Everyone has data they need to keep private to certain degrees. My credit card number, my telephone book, my bank details, that document containing the truth about alien abduction. These are your Assets – each can be classified with different levels of sensitivity.
Know what you are protecting and why
When you buy your $15 Mozart CD from www.cdshop.com, there are a number of bits of information that are up for grabs:
- That you have performed a transaction with www.cdshop.com at all
- You have an interest in Classical period music
- You are willing to spend $15 on your music collection
- The address the CD is shipped to
- Some mechanism that can transfer $15 from you to www.cdshop.com
In general, the first three are low sensitivity. Most people wish to protect their real-world address, and the mechanism that transfers your money.
Information $ value
Information has value, often a financial value. Your interest in Classical music and willingness to purchase CDs on-line, has a value for advertisers. Your real-world address has value for fraudsters wishing to impersonate you. Your credit card has a $5000 monthly limit. Armed with this information, you are ready to investigate the protection that you need for your information.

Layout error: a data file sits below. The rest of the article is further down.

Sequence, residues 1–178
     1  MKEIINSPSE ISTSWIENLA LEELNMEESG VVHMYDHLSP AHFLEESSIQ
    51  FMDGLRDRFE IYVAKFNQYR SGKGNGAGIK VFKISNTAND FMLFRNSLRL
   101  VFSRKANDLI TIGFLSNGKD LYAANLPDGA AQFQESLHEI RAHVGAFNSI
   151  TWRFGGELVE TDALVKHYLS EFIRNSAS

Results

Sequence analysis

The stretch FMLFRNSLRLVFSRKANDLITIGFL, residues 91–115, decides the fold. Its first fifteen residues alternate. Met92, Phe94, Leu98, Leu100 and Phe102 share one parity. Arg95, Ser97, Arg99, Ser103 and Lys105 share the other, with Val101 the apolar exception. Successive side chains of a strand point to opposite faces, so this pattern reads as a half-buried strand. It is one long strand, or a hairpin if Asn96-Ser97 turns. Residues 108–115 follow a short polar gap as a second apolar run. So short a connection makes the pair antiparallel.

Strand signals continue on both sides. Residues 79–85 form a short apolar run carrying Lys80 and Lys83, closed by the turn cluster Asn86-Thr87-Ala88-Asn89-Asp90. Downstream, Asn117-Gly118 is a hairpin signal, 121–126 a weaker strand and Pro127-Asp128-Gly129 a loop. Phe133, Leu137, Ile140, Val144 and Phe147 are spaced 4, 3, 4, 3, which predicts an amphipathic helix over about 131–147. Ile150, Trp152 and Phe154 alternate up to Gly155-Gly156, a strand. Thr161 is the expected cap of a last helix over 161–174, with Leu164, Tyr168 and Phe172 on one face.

Protecting information based Security Assets is much like protecting real world Assets. You know how much they are worth to a thief, how much they would cost to replace, and you have a complete inventory.
At this point you could even consider taking out an insurance policy just as you would on real world Assets. As in the real world, your insurers will determine your risk based on the value, protection and risk of theft. The same principles can be applied to your virtual Security Assets. You just need to think like people who work in Insurance Sales.